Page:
But he finds it unfortunate that the palace does not trust his party's good intentions in pushing for national reconciliation.At the end of his first month in Sundarijal, BP is trying to keep his spirits up through the worst of the winter. He tells himself that there is no time for gloominess, as he has only seven more years to make the best of before he hits 70, and his mental and physical faculties start to decline. Every week Nepali Times brings you entries from BP's 1977 prison diaries, handwritten in English.
1 February, 1977
Today both Gorkhapatra and Rising Nepal carried a news item which gave us the information that the government has constituted a one man tribunal to try me on 8 counts. GM is also involved in some of the cases with me that the tribunal will try. After all, the King has decided not to have a dialogue with me. Which is very unfortunate from the country's point of view. The problems that the country faces are numerous and require statesmanship in the leadership which can minimise the political differences among groups and individuals and forge a national unity to face the crisis. We have returned to Nepal in this spirit. It is most deplorable that the King shouldn't read the writing on the wall and insist on his pound of flesh when his victims have themselves offered themselves to him. He couldn't rise above petty legalistic attitude and adopt a broad liberal political gesture. So far as I am concerned this news is welcome. At least the period of uncertainty is likely to be over now. I have been living for the last one month in extreme agony not knowing what's happening or what the future has in store for us. The decision of the King to try us is some kind of thaw. I think within 2 or 3 days the court will sit and the legal process will start. We don't know how the court will sit-whether it will open court or the trial will be in camera. More likely the latter. Whether we can engage advocates, whether we can meet our people to consult about our case in the court. The one man tribunal will be presided over by one Mr Shrestha who is a Zonal judge at the Janakpur court. He has been authorised to hold his court whenever he likes in the Kingdom. This to facilitate his holding it in Kathmandu.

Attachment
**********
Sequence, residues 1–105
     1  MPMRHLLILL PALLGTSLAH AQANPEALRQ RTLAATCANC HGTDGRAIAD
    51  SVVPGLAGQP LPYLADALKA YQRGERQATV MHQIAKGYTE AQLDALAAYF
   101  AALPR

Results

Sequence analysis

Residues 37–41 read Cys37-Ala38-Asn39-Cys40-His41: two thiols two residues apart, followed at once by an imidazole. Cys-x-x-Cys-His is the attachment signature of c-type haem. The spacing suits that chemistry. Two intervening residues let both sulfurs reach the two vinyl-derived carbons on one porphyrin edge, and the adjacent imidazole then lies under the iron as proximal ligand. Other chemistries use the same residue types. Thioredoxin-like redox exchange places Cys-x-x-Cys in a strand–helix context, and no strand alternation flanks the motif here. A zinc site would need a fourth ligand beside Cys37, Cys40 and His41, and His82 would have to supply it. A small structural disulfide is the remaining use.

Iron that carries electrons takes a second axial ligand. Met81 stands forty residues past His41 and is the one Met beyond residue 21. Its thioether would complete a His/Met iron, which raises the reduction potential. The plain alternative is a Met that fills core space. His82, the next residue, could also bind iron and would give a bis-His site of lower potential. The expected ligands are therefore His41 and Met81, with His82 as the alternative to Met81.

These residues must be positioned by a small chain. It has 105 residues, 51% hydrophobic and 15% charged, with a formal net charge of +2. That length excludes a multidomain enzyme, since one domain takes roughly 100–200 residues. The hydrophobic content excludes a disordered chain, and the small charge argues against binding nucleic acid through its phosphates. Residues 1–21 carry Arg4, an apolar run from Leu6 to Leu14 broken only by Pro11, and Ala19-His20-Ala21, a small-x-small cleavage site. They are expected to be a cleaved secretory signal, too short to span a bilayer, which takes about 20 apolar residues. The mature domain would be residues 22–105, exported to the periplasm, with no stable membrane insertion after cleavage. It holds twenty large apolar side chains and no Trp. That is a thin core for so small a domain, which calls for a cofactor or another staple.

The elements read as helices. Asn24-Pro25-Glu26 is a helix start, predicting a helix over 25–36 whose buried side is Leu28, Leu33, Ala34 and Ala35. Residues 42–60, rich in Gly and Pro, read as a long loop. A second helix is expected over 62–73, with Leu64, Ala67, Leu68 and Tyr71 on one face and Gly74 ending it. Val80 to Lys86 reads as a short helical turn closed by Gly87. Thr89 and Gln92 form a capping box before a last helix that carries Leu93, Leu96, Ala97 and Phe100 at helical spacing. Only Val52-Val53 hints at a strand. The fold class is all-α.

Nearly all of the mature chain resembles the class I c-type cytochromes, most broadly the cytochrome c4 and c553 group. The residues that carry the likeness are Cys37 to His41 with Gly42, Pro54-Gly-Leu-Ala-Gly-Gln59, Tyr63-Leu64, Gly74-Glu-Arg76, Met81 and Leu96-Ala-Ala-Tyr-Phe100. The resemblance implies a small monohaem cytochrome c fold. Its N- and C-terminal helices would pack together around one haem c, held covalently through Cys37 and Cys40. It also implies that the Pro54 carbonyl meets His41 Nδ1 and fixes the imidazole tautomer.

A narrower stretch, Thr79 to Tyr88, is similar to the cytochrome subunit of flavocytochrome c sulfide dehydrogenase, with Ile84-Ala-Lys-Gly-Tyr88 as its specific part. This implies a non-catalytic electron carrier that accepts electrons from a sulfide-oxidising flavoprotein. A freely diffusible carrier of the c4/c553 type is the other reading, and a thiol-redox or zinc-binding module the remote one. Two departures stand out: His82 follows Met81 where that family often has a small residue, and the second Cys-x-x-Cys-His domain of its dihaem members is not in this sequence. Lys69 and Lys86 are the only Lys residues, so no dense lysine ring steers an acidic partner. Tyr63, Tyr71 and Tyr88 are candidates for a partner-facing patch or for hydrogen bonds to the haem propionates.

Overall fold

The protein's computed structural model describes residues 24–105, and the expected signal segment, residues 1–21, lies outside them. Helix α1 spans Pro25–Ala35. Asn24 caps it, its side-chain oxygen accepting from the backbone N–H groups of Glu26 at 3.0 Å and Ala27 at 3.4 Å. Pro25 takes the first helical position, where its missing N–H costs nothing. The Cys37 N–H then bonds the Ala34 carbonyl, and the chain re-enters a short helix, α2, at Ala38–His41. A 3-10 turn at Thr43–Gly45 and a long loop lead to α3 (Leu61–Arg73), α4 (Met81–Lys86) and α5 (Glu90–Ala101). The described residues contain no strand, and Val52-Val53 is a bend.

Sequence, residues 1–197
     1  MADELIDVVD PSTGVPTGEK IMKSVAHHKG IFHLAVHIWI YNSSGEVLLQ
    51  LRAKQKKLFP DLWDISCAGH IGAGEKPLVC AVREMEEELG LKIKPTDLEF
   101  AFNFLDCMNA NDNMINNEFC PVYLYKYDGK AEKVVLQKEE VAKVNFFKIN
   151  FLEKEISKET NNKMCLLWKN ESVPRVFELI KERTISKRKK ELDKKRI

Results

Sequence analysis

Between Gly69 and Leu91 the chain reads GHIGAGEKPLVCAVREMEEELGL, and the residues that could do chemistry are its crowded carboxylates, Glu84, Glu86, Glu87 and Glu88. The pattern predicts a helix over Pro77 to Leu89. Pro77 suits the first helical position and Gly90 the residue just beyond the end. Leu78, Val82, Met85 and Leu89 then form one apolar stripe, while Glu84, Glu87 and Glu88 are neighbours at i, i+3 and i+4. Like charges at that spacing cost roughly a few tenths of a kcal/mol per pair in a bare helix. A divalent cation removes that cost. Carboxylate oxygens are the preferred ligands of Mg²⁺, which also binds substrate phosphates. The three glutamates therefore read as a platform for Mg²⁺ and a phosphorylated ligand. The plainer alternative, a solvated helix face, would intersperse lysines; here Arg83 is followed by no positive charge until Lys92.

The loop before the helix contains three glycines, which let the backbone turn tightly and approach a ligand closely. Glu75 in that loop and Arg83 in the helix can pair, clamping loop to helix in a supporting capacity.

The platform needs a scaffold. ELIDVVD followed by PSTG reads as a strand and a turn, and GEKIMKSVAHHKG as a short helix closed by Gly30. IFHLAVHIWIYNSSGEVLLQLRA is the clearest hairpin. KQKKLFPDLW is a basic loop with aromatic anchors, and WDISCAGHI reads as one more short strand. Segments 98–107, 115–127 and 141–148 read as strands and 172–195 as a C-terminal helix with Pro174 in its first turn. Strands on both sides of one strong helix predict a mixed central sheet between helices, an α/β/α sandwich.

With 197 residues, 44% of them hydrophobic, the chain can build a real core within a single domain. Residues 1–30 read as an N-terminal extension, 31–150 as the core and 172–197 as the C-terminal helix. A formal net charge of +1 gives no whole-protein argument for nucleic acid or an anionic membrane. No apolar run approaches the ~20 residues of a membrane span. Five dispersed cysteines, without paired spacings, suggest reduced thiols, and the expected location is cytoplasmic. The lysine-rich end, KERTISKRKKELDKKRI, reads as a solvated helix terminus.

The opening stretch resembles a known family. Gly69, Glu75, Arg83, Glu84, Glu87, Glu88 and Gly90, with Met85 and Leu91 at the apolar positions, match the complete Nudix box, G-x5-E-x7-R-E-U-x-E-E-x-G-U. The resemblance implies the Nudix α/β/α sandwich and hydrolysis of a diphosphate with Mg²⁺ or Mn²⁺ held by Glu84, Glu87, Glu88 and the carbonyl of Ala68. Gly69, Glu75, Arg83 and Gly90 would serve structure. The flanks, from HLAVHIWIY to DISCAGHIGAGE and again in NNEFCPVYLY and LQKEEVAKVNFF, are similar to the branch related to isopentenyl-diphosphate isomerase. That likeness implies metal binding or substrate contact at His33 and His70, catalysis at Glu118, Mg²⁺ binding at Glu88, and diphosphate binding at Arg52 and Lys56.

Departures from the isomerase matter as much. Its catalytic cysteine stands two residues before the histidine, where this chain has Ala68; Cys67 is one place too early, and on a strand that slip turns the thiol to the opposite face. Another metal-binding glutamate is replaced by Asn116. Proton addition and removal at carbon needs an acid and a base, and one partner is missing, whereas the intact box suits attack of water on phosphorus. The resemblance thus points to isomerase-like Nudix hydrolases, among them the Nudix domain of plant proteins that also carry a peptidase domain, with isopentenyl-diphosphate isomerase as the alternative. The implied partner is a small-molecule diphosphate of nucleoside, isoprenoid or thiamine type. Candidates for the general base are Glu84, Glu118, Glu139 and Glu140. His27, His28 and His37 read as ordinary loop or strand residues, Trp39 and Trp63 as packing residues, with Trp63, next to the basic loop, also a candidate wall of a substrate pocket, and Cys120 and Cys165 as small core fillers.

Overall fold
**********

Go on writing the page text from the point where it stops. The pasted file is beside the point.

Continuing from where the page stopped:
Took up Sullivan's "We are not alone"- a book on Science for reading. I only sized up the book today. The book is quite interesting, at least the writer, being a journalist with scientific training, has very lucid style-anecdotal, historical, with a hard kernel of science. The thesis of the book is that living beings inhabit other celestial bodies- other planets of other suns. But so far as I think nobody can beat Asimov in the lucid elucidation of scientific subjects. I don't know if I can get books by him here. During my last detention here I had read his "Intelligent Man's Guide to Science"-a must read for everybody.
In yesterday's paper there was a statement purported to have been issued by the spokesman of Back to Village Campaign Central Committee and running a resolution passed by a political organisation (not named) of India. His resolution must have been in criticism of the government's action in arresting us or keeping us incommunicado. We couldn't make out which party is that-may be the Socialist Party. But perhaps it has been merged with the Janata Party that has recently been organised by merging of non-communist opposition parties.
It could be the new party that has passed the resolution in our sympathy. Today both the papers carried editorials colluding yesterday's statement by the spokesman of the central committee of the BVC. The news [is] so meagre and the kind of news that would interest us don't get space in these dailies supplied to us.
Did some washing. Bathed after three days. The sun is a wee bit warmer. Hopefully waiting for warmer days to come. Waiting also for the denouement of the decision of the government to put us on trial.